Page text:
Hiram Edson’s Vision
Edson in The Cornfield
In the aftermath of the disappointment of 1844, Hiram Edson wrote; “Our fondest hopes and expectations were blasted and such a spirit of weeping came over us as I never experienced before. It seemed that the loss of all earthly friends could have been no comparison. We wept and wept, till the day dawn”
His recollection of the disappointment and its emotional toll is one of the most poignant descriptions of the devastating impact the event had on many waiting and watching Millerites. Edson, like many others, weathered this crisis of faith after a remarkable series of events.
When October 23, 1844, dawned and the little group of Millerites huddled in Edson’s farm had managed to check the first outpouring of grief, Edson led the way to his barn. Here they gathered and spent the morning in prayer. After this season of prayer, Edson, accompanied by his friend Owen Crosier, decided to make a trip across his cornfield. They wanted to visit some of their Millerite neighbors and encourage them. As they were making their way across the field Edson stopped short and seemed to stare straight ahead. Puzzled, Crosier pulled to an abrupt stop behind him calling out “Brother Edson, what are you stopping for?”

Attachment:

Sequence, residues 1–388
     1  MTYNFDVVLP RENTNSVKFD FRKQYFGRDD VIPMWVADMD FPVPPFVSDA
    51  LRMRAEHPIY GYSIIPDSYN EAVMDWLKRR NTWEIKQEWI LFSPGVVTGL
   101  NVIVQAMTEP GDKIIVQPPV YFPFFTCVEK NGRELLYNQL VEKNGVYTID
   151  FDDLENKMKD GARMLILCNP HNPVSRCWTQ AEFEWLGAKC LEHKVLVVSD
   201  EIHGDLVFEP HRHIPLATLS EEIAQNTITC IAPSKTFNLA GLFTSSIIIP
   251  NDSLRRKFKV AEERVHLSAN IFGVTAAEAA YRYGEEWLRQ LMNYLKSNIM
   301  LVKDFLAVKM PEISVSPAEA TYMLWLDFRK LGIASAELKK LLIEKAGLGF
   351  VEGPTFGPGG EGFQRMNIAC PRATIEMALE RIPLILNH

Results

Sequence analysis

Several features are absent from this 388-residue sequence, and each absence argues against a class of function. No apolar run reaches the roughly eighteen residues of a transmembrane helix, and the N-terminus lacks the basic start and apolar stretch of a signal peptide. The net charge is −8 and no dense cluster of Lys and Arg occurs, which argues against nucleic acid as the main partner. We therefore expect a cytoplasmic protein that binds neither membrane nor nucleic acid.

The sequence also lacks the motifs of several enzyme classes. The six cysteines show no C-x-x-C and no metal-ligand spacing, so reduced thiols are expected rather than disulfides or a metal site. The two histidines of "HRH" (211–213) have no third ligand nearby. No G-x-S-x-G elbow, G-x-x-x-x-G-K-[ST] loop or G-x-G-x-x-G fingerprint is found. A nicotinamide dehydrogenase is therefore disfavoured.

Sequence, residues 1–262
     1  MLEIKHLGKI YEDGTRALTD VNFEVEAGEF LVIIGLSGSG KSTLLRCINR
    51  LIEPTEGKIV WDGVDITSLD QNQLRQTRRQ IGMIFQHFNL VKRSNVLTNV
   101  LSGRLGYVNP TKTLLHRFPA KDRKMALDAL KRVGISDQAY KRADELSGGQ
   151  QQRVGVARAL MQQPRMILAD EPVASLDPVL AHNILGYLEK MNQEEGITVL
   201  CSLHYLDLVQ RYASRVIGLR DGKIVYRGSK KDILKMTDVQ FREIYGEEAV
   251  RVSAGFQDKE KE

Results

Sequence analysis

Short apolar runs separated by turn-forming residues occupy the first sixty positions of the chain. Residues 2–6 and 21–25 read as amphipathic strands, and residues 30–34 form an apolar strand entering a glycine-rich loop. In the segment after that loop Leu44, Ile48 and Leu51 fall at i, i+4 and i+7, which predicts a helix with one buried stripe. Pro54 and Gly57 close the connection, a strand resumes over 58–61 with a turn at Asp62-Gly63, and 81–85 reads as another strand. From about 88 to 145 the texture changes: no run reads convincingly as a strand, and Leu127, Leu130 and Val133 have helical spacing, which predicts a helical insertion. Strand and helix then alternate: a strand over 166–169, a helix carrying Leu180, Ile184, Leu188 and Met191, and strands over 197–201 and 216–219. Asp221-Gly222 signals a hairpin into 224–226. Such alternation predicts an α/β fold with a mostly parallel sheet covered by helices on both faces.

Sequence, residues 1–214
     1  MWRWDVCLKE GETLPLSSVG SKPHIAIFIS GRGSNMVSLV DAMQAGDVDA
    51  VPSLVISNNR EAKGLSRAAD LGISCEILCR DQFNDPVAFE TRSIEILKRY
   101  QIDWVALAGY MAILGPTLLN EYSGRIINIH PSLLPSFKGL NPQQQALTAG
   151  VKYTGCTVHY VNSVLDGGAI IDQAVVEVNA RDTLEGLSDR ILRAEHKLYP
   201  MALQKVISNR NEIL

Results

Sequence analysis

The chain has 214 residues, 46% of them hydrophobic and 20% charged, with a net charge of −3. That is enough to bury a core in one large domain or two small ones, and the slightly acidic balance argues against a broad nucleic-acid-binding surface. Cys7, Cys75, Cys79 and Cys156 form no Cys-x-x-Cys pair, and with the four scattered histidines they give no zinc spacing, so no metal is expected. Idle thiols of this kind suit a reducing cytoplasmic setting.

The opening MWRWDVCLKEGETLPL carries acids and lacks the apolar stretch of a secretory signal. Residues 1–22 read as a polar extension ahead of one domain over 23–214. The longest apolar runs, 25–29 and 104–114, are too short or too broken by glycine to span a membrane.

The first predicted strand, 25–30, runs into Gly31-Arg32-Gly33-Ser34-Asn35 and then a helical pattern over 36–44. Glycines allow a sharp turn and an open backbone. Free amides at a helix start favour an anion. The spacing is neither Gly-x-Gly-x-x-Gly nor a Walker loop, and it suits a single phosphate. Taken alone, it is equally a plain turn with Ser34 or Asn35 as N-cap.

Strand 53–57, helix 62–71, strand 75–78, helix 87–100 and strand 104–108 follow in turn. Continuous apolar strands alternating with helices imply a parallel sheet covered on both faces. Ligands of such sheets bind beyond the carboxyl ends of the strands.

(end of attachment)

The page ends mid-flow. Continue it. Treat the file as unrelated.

To which Edson replied, “God is answering our morning prayer, giving light regarding our disappointment”. Edson later explained that as he was walking he felt as if a hand was laid on his shoulder and he seemed to have a vision of the heavenly sanctuary where he saw that Jesus had that very day entered into the Most Holy Place of the Heavenly Sanctuary to begin the work of judgment.
Crosier and Edson along with their friend and neighbor Franklin B. Hahn spent the next several weeks and months poring over their Bibles studying the themes of the sanctuary and judgment.
In March of 1845, they published their findings in a small paper called “The Day Dawn”. Coriser, being a school teacher, wrote the article while Edson and his wife sold their best silverware to raise money to fund the publication and Hahn had the material published.